After Vampire player decides to reveal or not to reveal a Character’s true identity, both players can play a Support card at this time if they like.

Step 3: Perform One Action

The active player has 3 actions to choose from. This step is not optional. Note that Support cards cannot be played during this step unless the Support card is specific to combat.

Hide a Character

The Vampire player can decide to place one of the Character cards in the Castle and hide them in the City. The Character they decide to hide need not be a revealed vampire. Indeed, the Character might be a human, but the intent of this action is to not only protect revealed vampires but to also possibly mislead the Human player.

To hide any Character card, the Vampire player must play 3 Combat cards from their hand and place them in the Moat. The player can then take the Character card of their choice and place it at the bottom of the City. The top card on the City is then drawn and placed in the Castle. Any Attack/Defense markers on the Character card moved to the City are removed.

Use Holy Water

The Human player can decide to attempt to determine a Character’s identity. Any Character can be interrogated. The Character card the Human player is interested in need not be visible in the Castle.

To determine a Character’s true identity, the  Human player must play 2 Holy Water cards from their hand and place them in the Moat. The Human player then points to one of the 3 Character cards in the Castle or names the Character card currently in the City. The Vampire player must truthfully tell the Human player if their selected Character is a vampire or not.

If the selected Character is a vampire, the Vampire player turns the matching Character token face-up in front of them. This Character is now a known vampire! If the Character card is currently visible in the Castle, take the card and flip it in the sleeve so the vampire side is showing. The card is then placed back in the Castle. If the revealed vampire is hiding in the City,  the Character card will not be flipped until it enters the Castle.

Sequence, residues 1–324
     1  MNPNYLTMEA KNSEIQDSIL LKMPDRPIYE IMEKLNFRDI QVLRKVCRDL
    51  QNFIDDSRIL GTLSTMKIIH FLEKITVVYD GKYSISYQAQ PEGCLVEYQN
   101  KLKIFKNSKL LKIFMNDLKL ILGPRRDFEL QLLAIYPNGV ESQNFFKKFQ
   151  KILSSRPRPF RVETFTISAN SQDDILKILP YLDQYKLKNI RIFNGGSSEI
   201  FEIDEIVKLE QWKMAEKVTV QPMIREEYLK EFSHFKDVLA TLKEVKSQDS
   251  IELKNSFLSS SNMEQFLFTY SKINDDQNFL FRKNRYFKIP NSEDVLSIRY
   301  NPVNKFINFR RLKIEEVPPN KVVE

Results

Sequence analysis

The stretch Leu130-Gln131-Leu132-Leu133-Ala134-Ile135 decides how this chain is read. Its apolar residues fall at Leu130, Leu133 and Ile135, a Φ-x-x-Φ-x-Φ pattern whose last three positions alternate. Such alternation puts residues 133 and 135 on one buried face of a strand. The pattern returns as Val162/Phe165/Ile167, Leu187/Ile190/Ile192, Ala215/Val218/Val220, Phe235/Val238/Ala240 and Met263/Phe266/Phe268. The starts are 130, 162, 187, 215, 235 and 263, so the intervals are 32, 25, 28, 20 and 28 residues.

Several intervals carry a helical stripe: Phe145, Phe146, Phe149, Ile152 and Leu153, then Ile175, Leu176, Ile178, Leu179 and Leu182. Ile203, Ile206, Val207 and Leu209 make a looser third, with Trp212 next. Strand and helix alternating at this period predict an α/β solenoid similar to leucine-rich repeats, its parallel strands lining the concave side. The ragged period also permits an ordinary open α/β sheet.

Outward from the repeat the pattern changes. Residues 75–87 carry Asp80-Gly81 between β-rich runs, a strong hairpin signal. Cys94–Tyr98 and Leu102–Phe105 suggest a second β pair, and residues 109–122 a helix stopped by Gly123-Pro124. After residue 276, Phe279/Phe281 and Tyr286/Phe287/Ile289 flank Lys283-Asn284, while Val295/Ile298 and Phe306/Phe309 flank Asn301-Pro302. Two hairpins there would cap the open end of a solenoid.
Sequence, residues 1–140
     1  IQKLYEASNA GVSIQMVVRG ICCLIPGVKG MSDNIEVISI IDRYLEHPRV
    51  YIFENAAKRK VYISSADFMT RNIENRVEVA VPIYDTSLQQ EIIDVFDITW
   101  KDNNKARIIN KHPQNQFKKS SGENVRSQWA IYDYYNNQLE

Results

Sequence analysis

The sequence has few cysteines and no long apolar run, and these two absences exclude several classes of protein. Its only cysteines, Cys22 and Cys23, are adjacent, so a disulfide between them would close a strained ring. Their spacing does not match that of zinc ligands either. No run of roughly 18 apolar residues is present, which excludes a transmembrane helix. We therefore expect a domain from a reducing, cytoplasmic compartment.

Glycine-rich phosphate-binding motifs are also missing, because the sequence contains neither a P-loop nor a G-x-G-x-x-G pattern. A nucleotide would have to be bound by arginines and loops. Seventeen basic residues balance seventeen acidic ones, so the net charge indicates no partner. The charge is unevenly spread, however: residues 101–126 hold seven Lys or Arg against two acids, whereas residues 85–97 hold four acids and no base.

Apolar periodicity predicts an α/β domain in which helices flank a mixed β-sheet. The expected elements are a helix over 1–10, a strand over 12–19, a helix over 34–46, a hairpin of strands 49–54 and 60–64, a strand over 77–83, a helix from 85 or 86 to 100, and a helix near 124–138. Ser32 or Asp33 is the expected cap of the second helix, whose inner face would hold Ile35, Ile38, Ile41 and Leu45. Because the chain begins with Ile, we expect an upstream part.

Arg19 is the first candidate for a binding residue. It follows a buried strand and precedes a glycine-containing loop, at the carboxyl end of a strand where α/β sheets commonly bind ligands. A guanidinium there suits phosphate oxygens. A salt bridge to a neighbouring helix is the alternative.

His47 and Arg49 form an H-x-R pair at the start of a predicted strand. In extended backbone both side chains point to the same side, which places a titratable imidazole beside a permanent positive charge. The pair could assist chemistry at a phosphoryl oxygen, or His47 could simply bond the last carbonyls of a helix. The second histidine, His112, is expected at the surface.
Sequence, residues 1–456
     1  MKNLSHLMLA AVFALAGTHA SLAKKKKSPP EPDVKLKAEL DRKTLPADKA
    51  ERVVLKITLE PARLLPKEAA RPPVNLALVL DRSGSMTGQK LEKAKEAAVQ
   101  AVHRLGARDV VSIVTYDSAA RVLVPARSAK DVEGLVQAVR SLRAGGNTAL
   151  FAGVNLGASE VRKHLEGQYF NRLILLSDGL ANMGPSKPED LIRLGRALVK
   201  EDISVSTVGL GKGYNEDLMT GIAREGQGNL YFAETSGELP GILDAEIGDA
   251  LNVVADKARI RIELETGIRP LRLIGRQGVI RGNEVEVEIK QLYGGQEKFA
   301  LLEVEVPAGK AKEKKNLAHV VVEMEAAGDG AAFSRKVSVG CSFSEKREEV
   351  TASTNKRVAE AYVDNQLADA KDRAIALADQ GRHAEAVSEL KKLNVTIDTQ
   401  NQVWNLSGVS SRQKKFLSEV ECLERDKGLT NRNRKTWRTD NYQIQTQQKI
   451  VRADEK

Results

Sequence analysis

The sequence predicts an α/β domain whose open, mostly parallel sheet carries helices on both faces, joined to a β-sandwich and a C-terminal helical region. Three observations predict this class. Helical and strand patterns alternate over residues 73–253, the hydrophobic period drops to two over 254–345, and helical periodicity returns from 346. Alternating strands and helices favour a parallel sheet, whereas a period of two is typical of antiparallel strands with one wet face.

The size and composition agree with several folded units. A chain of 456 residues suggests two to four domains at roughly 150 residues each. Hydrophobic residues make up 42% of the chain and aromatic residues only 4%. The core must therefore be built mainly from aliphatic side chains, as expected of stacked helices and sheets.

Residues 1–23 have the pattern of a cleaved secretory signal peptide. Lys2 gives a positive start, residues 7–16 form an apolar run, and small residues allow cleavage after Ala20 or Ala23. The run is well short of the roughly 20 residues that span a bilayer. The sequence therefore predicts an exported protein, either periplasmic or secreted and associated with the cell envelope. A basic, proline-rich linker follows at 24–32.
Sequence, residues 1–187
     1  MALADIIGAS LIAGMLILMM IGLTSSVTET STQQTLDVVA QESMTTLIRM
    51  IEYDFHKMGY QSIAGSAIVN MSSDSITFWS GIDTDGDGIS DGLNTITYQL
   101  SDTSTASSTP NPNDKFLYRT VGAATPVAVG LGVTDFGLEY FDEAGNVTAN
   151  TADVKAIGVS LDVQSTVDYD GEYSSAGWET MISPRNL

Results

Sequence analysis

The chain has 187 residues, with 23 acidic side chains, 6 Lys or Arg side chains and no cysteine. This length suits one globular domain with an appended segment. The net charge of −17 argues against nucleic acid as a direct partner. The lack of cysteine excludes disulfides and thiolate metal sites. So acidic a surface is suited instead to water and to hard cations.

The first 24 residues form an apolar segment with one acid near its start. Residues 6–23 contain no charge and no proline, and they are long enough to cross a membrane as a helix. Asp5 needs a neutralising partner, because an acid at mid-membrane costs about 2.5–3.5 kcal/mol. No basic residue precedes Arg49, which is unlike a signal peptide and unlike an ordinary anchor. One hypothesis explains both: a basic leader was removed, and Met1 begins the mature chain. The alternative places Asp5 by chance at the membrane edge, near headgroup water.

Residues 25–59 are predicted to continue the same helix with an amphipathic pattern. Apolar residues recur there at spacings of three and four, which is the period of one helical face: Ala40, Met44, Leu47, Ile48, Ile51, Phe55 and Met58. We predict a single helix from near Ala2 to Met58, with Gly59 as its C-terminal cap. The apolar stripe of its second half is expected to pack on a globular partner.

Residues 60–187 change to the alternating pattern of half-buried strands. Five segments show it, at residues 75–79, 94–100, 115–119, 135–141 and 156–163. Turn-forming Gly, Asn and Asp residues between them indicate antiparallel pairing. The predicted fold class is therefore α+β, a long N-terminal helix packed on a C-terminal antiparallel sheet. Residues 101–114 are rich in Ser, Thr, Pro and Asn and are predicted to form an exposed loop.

If the Human player successfully revealed a Character as a vampire currently located in the Castle, they are awarded an opportunity to sneak attack them by taking the Combat action. This is the only time a player can take 2 actions during this step. The lower valued Holy Water card is used, plus any additional cards from the player’s hand during the first round of combat.

If the Human player reveals that the Character is not a vampire, there is no way to mark them as such. The Human player will have to remember who they interrogated in hopes of not repeating the same action during a future turn. In this way, a Human player must remember who they have interrogated, which will help them deduce who the vampires are.


Combat is the only way to remove a Character card from the game. The Human player will want to attack and remove revealed vampires, but they might also want to attack a Character who they “think” is a vampire. A Human player can attack any Character, regardless if they are known vampire or not. The Vampire player will want to attack Characters, too. By removing Characters, the Vampire player removes possible threats and can mislead the Human player.

Combat is very straightforward and involves nothing more than simple math. Combat is completed in 2 rounds and follows a sequential order.

  1. Choose a Character: Only characters in the Castle can be used during combat. The Human player, if active, can select any Character that is not a revealed vampire to attack with. The Vampire player, if active, must select any Character in the castle that is a revealed vampire to attack with. If none are present, the Vampire player can select any Character in the castle as long as that Character isn’t a revealed human (based on the Character tokens). The active player then selects 1 of the 2 remaining Characters in the Castle who will be the target of the attack.
  2. Combat Ensues: The active player now plays 1 or 2 Combat cards from their hand for the attacking Character. In response, the non-active player now plays 1 or 2 Combat cards from their hand for the defending Character. The total sum of the Combat cards for the attack is referred to as the “Attack Value” and the total sum of the Combat cards for the defender is referred to as the “Defense Value”.
  3. Determine Winner: If the Attack Value is GREATER THAN the Defense Value, the attacking Character wins and the defending Character is removed from the game. If the removed Character was a vampire, the Vampire player now flips over the matching Character token. A new Character is immediately drawn from the City and placed in the Castle. This ends the combat action. However, if the Defense Value is EQUAL TO OR GREATER THAN the Attack Value during the first round of combat, a second round of combat ensues. The cards played during the last round are added to any new cards played in the second round. The Attack and Defense Values are then summed and compared.